States turn down, scale back vaccine shipment as demand flattens
Louisiana this week stopped asking the federal government for its full allotment of vaccine doses.
Some states are asking for fewer COVID-19 vaccines as their supply outpaces demand.
Louisiana this week stopped asking the federal government for its full allotment of vaccine doses, three-quarters of Kansas counties have turned away new shipments of the vaccine within the last month, and Mississippi has asked the government to ship the vaccine in smaller packages, so they don't go to waste, according to the Associated Press.
"If you’re in New York City, and you’re sending a package to one of the large pharmacies in downtown Manhattan, there are literally millions and millions of people within walking distance most likely of that particular pharmacy," Republican Mississippi Gov. Tate Reeves said in a news conference in early April. "Well, if you’re in rural Itta Bena, Mississippi, that’s just not the case."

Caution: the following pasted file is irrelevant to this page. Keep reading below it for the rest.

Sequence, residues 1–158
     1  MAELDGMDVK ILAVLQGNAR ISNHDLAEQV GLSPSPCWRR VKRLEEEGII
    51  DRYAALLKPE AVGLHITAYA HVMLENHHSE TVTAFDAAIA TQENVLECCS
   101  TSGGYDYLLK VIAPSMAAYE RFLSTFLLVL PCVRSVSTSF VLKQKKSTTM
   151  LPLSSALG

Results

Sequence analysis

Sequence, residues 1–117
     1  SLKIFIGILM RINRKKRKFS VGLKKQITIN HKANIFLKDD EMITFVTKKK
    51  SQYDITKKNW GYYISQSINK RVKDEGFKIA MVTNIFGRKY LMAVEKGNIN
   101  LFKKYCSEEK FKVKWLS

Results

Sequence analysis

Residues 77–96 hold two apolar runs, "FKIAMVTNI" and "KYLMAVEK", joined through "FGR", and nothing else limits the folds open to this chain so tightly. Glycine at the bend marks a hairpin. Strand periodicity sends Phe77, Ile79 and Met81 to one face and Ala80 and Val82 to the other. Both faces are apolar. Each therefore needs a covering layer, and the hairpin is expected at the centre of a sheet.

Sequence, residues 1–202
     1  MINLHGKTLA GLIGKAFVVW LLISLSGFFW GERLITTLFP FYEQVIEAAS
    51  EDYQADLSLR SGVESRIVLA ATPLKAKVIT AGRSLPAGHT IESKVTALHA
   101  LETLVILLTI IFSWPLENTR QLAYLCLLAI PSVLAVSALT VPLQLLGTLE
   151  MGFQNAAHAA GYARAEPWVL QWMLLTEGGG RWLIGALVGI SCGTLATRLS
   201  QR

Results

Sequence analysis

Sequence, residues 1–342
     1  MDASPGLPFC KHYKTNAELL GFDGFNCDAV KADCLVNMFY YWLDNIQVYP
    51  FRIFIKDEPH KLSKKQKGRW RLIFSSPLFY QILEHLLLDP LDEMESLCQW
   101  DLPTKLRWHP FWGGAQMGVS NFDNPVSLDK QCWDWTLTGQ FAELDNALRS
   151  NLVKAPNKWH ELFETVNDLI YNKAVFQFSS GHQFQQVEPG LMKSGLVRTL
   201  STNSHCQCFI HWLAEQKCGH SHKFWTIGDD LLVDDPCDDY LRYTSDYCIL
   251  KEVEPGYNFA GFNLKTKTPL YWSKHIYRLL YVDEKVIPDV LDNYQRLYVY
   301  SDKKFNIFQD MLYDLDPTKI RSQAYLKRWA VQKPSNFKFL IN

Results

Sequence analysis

The dwindling demand for the vaccine comes as President Biden announced Thursday of reaching his goal of 200 million vaccine shots administered during his first 100 days in office. At least half of adult Americans have received one shot of the vaccine, with 80 percent of those 65 and older having received their shot.
"Nobody was coming," Robin Jackson, a pharmacist in a small Mississippi town told the wire service. "And I mean no one."
Pharmacists and others say people in rural areas are either skeptical of taking the vaccine or just not interested in getting it.